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Grace Yeboah-Kodie
Harvard GenEd 2021
Harvard GenEd 2021
Apr 21, 2021
In Health
Though the interview with Susan Murphy and Brendan Meade introduced me to a number of new ideas in the prediction of "earth" and "health," I was most surprised to learn about the existence of mobile health itself. I initially thought that this would mean something in the vein of mobile health clinics, but to find that Professor Murphy's work entails a collaboration between wearable sensors and mobile phones was very interesting to me. I also appreciated the discussion on the distinction between predictions on the level of the individual and on the level of society. Professor Murphy makes the point that convincing individuals, (and especially willing, goal-oriented participants utilizing mobile health) can be easier than convincing a society to consider the future or consider some prediction. This makes me wonder about the role of goals in prediction, and if having a goal makes it more likely for people to consider the future in a productive way. (On another, more rambling note- in my prediction journal, my "predictions" about how quickly I could get an assignment were based in data/past experiences, but there was also an element of goal-setting or even hope in there- as in, "I'm predicting it'll take me X hours to do all these readings, but I really hope it will take me that long or less so I can have more free time." Though this doesn't relate to the more quantitative and real-world predictions we're discussing in class, hearing from Professor Murphy reminded me that that assignment prompted me to wonder about potential blurring between predictions, goals, hope).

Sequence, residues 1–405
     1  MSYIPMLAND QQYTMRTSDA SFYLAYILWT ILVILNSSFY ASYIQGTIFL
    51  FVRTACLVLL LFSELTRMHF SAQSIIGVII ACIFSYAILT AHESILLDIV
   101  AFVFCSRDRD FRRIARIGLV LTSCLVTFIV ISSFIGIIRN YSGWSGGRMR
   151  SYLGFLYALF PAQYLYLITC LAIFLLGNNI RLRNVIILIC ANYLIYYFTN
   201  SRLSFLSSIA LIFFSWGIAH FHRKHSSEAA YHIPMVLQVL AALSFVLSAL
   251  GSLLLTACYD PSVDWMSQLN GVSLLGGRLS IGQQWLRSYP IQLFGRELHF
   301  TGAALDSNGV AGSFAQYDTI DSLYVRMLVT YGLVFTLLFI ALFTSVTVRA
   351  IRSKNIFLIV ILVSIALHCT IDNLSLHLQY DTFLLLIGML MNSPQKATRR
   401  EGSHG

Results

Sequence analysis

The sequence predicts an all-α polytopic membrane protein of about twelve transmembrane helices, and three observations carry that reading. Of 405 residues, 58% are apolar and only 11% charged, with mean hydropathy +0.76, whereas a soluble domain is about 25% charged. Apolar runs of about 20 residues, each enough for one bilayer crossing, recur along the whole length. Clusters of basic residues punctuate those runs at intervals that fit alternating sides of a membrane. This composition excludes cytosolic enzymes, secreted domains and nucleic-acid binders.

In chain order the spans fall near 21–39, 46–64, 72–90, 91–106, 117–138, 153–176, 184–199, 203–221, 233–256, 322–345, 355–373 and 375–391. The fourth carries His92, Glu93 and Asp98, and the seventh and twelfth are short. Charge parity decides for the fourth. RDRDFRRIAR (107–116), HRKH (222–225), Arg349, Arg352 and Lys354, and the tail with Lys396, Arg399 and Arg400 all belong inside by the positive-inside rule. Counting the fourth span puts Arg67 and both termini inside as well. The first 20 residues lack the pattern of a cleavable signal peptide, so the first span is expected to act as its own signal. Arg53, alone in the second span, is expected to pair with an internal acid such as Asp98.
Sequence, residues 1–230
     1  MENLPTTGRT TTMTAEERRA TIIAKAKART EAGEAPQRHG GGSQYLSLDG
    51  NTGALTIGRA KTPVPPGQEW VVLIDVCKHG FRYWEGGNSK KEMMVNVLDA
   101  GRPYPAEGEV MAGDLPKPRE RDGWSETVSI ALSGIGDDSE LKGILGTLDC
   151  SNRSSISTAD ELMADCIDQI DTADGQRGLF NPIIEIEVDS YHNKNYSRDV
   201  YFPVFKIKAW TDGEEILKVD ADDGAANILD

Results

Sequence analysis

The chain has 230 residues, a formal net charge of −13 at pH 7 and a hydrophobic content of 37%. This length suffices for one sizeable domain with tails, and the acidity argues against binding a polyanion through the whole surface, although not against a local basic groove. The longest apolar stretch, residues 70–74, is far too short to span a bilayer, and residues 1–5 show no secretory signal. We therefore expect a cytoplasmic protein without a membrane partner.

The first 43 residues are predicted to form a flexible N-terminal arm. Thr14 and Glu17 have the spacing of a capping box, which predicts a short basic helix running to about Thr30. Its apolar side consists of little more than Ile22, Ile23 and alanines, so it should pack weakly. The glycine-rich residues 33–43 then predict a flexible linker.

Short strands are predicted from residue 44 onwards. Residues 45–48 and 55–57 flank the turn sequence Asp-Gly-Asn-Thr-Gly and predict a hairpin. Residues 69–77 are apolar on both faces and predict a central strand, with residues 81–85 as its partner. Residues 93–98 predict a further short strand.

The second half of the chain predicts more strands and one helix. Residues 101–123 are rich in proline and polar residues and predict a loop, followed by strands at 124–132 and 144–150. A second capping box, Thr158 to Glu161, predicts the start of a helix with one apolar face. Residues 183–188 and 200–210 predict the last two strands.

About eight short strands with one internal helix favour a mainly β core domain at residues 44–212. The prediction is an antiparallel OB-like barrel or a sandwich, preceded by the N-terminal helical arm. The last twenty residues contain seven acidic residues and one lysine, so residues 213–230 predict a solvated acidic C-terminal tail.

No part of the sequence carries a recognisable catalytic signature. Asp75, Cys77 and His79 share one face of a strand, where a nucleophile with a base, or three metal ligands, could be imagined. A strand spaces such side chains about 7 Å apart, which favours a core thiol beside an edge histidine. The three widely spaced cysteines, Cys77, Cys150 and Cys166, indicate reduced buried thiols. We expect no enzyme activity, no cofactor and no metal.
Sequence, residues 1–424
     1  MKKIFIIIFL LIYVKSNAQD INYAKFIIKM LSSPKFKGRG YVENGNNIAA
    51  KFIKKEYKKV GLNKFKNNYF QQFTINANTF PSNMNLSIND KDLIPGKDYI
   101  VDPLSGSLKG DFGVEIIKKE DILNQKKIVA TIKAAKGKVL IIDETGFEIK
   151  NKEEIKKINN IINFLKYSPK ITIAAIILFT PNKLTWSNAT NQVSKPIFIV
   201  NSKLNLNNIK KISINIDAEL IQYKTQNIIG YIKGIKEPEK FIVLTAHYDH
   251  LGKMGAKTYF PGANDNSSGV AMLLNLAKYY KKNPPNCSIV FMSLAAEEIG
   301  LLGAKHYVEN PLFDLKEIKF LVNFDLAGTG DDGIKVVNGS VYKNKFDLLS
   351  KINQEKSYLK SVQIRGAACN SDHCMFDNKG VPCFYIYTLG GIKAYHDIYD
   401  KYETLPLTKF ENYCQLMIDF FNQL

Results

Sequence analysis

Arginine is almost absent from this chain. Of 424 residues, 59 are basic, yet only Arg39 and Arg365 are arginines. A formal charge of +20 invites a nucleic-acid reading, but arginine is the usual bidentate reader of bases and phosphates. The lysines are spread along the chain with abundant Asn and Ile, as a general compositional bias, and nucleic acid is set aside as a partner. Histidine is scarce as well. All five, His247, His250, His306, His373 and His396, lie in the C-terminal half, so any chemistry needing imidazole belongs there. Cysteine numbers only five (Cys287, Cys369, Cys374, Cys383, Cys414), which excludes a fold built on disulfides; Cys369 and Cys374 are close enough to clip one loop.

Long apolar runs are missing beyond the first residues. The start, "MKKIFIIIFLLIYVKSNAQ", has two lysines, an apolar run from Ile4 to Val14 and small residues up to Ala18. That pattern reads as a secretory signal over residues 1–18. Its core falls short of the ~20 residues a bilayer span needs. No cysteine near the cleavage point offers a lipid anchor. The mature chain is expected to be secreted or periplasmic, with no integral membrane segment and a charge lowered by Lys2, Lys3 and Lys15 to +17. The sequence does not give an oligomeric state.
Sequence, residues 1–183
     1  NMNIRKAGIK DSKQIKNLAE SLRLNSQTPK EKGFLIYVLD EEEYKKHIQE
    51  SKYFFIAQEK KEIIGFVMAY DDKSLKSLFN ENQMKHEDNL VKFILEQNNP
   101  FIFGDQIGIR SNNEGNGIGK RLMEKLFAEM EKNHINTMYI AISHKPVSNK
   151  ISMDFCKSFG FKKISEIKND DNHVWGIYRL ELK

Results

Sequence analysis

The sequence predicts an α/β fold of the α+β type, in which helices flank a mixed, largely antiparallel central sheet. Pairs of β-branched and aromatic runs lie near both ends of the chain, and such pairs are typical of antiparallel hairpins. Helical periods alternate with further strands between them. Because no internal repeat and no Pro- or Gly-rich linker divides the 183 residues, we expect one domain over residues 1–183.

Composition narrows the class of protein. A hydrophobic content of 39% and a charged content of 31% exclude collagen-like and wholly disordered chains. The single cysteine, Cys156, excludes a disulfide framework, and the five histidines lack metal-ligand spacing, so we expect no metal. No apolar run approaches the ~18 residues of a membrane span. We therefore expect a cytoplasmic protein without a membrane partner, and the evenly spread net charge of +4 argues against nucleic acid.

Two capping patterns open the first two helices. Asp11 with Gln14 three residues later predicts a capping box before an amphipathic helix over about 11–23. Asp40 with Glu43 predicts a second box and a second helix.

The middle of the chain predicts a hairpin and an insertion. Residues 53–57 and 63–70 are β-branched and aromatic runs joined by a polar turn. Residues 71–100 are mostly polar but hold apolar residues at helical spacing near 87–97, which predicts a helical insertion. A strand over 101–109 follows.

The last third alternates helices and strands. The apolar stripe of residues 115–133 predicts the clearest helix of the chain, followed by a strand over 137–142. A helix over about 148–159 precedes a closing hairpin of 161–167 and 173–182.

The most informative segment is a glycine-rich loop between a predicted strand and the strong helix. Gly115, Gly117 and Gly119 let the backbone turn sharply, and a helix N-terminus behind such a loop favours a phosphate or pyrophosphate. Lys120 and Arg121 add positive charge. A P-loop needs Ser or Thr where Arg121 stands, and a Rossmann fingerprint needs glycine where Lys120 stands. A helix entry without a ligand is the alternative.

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Grace Yeboah-Kodie
Harvard GenEd 2021
Harvard GenEd 2021
Apr 21, 2021
In Earth